Sony Ericsson XPERIA X2 preview: First look
Sony Ericsson have added a second gallery to the rather plain and boring WinMo one and it's accessed through the main menu.
You use sweeping moves to navigate through the images. If you tap on screen you also get zooming and slideshow controls. Quite disappointingly however, the X2 doesn't offer screen auto rotation despite the fact there's an accelerometer there. The only way to view a photo in landscape mode with that limitation is to slide out the hardware keyboard, which automatically switches the screen orientation.
The embedded music player is very similar to the Walkman player in the Sony Ericsson's feature phones and can handle playlists, organize your tracks by albums, authors, etc. Album art is supported, but unfortunately there are no equalizer presets, stereo enhancements or visualizations.
Much like the gallery, Sony Ericssson have an alternative video player, which is better than the preinstalled Windows Media player.
Though its interface is simple and there's no advanced stuff such as subtitles support, but it manages to play XviD/DivX movies up to WVGA resolution. We tried a 720p video, but without luck.
Surprisingly good camera
Sony Ericsson XPERIA X2 is equipped with a 8 megapixel autofocus camera with a maximum image resolution of 3264x2448 pixels. It also has a LED flash that is supposed to assist night photography but as usually its power is inadequate for producing a decent photo on distances over a meter. On the positive side it can also be used as a video light unlike its xenon siblings.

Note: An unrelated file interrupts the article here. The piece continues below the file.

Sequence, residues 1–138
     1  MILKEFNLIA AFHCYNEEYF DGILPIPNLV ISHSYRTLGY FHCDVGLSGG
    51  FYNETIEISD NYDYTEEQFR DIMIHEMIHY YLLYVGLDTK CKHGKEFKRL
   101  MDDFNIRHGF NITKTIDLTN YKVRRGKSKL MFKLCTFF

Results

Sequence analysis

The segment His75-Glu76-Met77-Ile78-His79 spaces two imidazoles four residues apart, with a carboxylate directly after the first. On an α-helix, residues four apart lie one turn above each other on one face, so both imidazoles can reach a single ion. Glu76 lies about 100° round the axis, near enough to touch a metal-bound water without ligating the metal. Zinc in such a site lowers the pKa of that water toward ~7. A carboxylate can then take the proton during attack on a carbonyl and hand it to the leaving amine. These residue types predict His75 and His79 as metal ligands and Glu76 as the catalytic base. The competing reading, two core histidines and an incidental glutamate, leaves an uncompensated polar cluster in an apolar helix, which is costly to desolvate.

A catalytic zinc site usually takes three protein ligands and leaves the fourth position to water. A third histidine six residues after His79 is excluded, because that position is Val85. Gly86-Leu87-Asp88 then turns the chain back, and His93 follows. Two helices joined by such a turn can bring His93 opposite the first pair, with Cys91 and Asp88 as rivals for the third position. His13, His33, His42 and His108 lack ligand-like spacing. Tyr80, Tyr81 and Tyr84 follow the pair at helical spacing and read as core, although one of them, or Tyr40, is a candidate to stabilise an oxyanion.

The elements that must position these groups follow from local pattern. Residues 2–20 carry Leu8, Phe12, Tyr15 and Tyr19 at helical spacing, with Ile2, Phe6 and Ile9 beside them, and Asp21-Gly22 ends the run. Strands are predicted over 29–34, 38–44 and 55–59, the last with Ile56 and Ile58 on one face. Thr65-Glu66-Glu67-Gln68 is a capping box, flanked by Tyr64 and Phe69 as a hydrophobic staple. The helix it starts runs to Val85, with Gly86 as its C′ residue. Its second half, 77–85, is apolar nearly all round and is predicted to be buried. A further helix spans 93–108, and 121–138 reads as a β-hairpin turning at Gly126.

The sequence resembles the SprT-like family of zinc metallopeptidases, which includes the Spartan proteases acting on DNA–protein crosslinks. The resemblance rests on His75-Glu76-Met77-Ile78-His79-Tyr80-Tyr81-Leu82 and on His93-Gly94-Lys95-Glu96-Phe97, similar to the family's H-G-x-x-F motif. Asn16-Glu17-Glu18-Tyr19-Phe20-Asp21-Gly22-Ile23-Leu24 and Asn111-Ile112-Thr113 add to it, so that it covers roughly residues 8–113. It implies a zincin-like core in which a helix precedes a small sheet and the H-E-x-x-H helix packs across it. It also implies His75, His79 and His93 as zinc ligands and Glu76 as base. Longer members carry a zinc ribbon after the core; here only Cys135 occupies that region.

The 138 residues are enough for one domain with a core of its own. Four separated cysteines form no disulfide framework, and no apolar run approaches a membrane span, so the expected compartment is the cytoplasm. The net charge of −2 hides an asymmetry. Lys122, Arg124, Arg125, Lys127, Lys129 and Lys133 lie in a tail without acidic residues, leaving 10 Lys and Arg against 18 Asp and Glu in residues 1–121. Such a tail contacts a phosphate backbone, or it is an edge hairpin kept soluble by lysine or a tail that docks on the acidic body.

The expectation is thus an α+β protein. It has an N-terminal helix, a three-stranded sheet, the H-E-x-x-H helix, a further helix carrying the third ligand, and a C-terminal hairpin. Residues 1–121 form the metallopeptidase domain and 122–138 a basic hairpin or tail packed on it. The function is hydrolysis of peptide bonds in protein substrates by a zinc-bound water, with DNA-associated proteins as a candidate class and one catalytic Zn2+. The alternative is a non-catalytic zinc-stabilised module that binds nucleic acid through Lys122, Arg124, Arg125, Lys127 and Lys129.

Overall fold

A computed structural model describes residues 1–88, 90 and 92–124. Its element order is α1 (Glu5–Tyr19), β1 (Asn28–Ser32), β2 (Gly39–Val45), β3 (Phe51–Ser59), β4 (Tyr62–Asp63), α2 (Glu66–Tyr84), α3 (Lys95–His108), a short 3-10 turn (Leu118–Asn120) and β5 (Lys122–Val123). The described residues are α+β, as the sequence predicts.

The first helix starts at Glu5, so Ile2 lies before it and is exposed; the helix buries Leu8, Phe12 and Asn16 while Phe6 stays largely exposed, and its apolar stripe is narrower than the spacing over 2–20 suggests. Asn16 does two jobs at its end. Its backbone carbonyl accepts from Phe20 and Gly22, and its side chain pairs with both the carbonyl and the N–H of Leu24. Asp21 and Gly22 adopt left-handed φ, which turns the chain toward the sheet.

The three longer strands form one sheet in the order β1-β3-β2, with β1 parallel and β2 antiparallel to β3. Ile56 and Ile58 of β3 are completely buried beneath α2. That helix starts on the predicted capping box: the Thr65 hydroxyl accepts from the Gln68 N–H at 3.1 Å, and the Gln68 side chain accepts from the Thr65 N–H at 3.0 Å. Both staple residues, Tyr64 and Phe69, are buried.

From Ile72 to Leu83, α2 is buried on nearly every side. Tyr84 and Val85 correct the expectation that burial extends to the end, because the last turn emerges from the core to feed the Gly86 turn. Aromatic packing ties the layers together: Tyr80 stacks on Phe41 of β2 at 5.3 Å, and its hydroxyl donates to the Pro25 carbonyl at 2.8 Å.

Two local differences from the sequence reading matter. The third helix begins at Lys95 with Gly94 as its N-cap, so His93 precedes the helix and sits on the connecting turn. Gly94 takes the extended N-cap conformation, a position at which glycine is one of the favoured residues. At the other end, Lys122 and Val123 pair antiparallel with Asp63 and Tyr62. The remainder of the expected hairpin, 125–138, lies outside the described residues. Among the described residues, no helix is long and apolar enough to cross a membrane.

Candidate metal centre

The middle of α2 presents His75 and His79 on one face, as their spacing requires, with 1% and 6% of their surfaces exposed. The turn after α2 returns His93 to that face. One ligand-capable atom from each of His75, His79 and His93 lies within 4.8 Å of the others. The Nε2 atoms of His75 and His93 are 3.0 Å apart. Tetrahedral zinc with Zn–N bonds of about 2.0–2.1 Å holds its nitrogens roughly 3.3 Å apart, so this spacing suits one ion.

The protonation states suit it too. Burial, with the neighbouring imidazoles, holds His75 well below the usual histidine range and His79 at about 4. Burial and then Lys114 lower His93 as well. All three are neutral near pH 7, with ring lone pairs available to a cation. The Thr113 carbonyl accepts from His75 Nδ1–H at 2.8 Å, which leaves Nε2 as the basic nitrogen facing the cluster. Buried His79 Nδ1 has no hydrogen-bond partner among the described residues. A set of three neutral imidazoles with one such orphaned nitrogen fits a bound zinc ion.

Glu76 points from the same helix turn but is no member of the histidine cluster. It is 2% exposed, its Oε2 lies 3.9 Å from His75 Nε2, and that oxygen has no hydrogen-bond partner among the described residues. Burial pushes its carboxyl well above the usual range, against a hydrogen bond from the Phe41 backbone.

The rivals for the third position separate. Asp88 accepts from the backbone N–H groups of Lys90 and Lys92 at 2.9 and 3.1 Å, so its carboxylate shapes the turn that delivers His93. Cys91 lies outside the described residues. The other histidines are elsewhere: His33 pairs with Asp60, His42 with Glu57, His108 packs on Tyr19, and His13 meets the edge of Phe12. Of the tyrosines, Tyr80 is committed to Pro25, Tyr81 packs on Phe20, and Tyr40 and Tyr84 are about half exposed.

The camera interface resembles those of the CyberShot series, this time upgraded and optimized for using with fingers. Its pop-up sub-menus enhanced with icons and the Multi Menu packing all the available settings are here to facilitate the user experience.
The camera toolbar gives access to shoot mode, scenes, focus, flash, shoot mode, exposure and settings Multi Menu. Sadly, an ISO setting is not available in our unit.
In the advanced setting you could find options for white balance, picture quality, picture size, effects, self-timer and geo-tagging.
The most notable camera features include touch focus, face detection, image stabilization and Smart Contrast. Unfortunately, most of those were not working properly on our unit, but that's understandable at this early stage.
The status bar at the bottom is a new addition and it displays at the top of the viewfinder all the options you have chosen - from the size, to the self-timer. It is very convenient and a nice move by Sony Ericsson to save us all the digging in the menus just to check if the geo-tagging is on for example.
The image quality is surprisingly good for a prototype - we are quite convinced that the XPERIA X2 will be equal or even better than the one of Sony Ericsson C905 Cyber-shot. All the colors are accurate, there's no over-sharpening or purple fringing, white balance is adequate, the resolved detail is pretty enough with foliage looking especially good. It's only that we believe the resolved detail could be somewhat better and we guess that Sony Ericsson will work a bit more on this until the release.
The camcorder interface copies the camera one. The XPERIA X2 is capable of capturing videos at WVGA (yes - 800x480 - you read it right) at 30 fps, but our unit had some problems with that part, so we could not provide you with a sample video. Still, that's the highest resolution video recording we've seen from a Windows Mobile handset (Samsung Omnia II records D1 resolution videos) and also a Sony Ericsson company record. Unfortunately, video recording still uses the less-than-stellar 3gp file format.